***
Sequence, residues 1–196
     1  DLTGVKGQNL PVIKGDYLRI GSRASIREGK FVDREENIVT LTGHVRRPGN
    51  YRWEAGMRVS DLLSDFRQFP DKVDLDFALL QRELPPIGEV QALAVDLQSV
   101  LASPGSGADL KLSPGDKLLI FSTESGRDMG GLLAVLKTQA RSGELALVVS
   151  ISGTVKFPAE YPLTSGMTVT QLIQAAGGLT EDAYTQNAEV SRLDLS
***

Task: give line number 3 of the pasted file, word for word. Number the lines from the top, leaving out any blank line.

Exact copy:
    51  YRWEAGMRVS DLLSDFRQFP DKVDLDFALL QRELPPIGEV QALAVDLQSV